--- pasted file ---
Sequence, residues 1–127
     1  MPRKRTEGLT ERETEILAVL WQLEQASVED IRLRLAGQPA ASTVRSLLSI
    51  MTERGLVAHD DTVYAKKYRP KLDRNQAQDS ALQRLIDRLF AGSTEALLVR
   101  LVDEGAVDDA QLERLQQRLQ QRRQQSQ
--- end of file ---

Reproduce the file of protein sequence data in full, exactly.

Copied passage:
Sequence, residues 1–127
     1  MPRKRTEGLT ERETEILAVL WQLEQASVED IRLRLAGQPA ASTVRSLLSI
    51  MTERGLVAHD DTVYAKKYRP KLDRNQAQDS ALQRLIDRLF AGSTEALLVR
   101  LVDEGAVDDA QLERLQQRLQ QRRQQSQ